ADOTAS – I noticed the green dot on the corner of my nametag as I peeled mine off and stuck it on my blazer, but I didn’t think much of it. Entering the conference space of 92 Y Tribeca and spying the corners bearing labels for “Green Team,” “Yellow Team,” etc., I chuckled to myself — this was camp after all, and what would camp be without rival teams?
The PR Camp New York conference was offering more than canoeing and fireside singalongs (though we were promised chocolate and marshmallows, but no fire to make real s’mores) — a dialogue between public relations, marketing, agencies and advertising companies about the issues surrounding social media and its role in digital advertising. Counselors, instead of moderators, included representatives from Google, The Wall Street Journal, Razorfish and more.
In the opening remarks, Dan Greenfield, the organizer for PR Camp N and a principal at Bernaise Source Media, compared the idea of social media for business to the “One word: plastics” speech in “The Graduate” — it’s obviously important, but its future is frustratingly vague.
“We may disagree about many things in public relations and advertising,” Greenfield said, “but we all know social media is hot.”
Herded into their colored teams, conference attendees agreed that the chief drag is explaining ROI to company execs, or actually determining what ROI is. An acknowledgment across the conference was that there is no standard definition of social media goals. Engagement with consumers is a start, but that shouldn’t be finish line. Bumps in sales for retailers offering coupons through Twitter is a nice metric, but not every company has it that easy.
In the age of analytics, procurement and RFPs, businesses higher-ups want to see numbers, which are not always forthcoming in these types of efforts. The number of fans on a Facebook page can be a metric, but determining how engaged those users are is a whole other layer of work. Reach vs. engagement becomes a more important symbol.
One conference member inferred that corporations run on fear — the internal mechanisms are gears and gears fueled by anxiety — and social media is the exact opposite: it’s humanizing. So turning a squeaky, hulking machine into a human — wait a second, wasn’t this a Robin Williams movie?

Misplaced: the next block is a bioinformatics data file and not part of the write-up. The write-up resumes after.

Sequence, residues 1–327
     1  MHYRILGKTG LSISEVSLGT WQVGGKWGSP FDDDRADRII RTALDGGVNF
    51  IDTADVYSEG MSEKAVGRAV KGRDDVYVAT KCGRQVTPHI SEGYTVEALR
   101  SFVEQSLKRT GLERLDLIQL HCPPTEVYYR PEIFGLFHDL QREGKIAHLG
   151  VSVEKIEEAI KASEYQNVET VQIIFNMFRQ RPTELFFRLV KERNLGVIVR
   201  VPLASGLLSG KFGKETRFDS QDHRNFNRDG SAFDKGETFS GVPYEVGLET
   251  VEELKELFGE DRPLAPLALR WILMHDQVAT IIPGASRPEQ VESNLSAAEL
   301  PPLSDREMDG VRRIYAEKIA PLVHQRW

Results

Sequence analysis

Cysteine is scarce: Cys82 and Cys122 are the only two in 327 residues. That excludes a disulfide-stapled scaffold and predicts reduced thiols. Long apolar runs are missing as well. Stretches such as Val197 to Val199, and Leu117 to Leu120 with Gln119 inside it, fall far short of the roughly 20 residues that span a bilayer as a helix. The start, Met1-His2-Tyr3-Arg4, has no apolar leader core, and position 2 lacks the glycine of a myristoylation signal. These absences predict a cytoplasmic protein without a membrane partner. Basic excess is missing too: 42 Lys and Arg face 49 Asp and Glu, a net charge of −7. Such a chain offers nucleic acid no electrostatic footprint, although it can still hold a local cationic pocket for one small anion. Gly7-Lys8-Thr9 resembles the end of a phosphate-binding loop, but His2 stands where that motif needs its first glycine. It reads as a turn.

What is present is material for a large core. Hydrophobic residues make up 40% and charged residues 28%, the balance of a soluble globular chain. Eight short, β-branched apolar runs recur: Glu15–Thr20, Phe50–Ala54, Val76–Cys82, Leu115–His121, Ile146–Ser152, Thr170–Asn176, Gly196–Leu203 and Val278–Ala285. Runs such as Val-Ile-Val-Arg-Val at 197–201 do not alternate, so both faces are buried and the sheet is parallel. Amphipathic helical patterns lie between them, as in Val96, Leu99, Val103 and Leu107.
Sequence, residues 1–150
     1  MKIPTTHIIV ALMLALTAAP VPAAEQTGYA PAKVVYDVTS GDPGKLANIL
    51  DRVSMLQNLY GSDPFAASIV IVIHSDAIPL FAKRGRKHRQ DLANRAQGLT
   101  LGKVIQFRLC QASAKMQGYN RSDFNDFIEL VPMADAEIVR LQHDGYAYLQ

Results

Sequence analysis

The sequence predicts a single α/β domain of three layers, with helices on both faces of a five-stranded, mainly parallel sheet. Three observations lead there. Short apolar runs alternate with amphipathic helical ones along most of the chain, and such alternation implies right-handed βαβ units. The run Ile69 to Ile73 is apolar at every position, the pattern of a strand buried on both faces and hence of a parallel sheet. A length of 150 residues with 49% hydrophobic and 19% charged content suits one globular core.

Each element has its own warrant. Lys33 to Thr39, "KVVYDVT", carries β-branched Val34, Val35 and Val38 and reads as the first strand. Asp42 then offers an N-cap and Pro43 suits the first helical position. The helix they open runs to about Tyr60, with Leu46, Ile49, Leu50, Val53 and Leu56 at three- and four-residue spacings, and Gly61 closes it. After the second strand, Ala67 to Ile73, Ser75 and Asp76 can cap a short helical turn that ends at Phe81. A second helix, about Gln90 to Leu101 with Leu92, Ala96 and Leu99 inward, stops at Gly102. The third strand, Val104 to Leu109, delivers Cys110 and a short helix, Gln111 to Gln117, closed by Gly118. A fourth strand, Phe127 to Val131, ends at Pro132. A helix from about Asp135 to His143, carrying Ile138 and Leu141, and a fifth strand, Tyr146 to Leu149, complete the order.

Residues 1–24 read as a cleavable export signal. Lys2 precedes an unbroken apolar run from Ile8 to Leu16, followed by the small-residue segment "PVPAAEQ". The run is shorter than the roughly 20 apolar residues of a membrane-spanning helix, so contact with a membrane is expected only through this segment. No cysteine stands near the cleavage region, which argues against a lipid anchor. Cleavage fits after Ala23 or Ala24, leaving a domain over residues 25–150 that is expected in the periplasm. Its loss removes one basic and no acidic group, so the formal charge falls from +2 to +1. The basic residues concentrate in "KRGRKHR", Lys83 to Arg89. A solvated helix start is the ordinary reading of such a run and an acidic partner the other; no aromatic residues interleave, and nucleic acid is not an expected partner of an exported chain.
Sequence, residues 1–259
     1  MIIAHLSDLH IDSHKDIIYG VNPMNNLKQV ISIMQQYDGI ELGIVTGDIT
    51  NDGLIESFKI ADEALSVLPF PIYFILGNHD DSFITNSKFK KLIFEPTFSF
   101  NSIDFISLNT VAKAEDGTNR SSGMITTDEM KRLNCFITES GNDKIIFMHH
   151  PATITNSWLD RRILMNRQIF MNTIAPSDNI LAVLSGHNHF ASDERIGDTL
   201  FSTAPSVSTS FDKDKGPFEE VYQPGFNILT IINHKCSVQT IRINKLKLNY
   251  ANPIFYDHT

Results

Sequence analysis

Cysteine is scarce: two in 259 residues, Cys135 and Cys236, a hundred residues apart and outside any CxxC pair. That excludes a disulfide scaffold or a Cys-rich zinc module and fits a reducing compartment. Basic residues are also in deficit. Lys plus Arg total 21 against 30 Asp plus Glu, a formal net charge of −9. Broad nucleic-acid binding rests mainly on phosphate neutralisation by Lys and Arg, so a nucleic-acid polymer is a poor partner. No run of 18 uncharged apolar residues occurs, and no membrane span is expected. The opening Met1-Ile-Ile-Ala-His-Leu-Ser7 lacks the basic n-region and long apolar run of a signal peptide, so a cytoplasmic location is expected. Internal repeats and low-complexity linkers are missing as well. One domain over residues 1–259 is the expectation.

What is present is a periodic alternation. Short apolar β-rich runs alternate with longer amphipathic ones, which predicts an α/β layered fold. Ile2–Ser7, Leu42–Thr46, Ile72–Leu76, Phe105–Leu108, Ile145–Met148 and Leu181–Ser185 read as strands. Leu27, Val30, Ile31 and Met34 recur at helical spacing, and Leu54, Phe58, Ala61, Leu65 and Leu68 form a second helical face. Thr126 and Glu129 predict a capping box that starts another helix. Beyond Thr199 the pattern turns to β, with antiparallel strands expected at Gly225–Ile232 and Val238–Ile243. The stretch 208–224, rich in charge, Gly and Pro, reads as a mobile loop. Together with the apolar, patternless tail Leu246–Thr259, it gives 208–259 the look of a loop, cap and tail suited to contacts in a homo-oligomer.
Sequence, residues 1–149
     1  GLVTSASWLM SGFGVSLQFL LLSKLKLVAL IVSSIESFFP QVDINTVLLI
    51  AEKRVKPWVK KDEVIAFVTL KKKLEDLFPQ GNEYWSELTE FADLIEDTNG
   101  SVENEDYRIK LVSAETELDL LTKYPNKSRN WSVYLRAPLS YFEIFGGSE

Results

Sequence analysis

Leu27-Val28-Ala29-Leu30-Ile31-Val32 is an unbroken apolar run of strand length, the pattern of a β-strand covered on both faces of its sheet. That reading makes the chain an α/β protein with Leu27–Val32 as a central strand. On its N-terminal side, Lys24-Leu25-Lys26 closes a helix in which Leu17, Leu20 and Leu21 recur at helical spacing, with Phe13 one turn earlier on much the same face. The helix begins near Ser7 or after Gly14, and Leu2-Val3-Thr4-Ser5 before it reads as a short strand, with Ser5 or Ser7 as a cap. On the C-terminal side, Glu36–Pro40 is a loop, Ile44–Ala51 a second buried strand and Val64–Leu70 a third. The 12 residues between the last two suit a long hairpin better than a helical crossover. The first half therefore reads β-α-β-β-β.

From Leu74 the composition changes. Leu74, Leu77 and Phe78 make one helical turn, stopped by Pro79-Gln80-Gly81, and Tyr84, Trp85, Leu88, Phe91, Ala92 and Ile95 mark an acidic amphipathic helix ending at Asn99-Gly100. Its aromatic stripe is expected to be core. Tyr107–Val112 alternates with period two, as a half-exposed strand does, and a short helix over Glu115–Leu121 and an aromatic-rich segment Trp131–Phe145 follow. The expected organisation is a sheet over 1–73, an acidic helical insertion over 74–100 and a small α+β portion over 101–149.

In addition, social media has upended power structures within brands and revealed tensions between PR and marketing as well as agencies. There was also debate whether the members of Generation Y, whose members are flooding the business sphere, are truly the gatekeepers to social media. While most of them have grown up using MySpace and Facebook among other tools, many at the conference argued that the younger generation is lacking the skills to apply their social media knowledge to marketing strategy.
As the day rolled on, campers seemed to become ever more aware of the lack textbook methods of running social media campaigns — they require a great deal of strategy and creativity to execute and manage, and justifying all this effort to a board that’s fueled by figures may seem like a Sisyphean task. Sometimes, though, circumstances provide the catalyst for understanding value.
Counselor Morgan Johnson, manager of corporate communications for JetBlue, started at the company around the infamous incident in which passengers aboard several JetBlue planes were stuck on the tarmac for nearly nine hours because of a brutal snow storm. The traditional media uproar was fierce and headlines about the incident were scathing.
To appease the traditional media, JetBlue’s then-CEO David Neeleman appeared on television talk shows and was taped riding on planes immediately afterward. But marketing encouraged him to go one step further and reach out directly to consumers — fear of losing business drove the Neeleman to appear in a YouTube video apologizing for the incident.
While some of the user commentary was justifiably harsh, there was a large segment of positive messages, consumers who were impressed by the company’s transparency. Thus, JetBlue was sold on the value of social media.
And this was one of the most interesting ideas floating around the conference — using social media to bypass journalists (HEY! That’s me!). This seemed a recognition of the lack of faith in modern journalism on both sides of the fence. Companies feel unable to get a message across clearly and consumers are suspicious of the press and sick of sensationalism.
Shoving traditional media out of the way and reaching consumers directly could possibly be that enigmatic ROI that aids brands in seeing the worth of social media.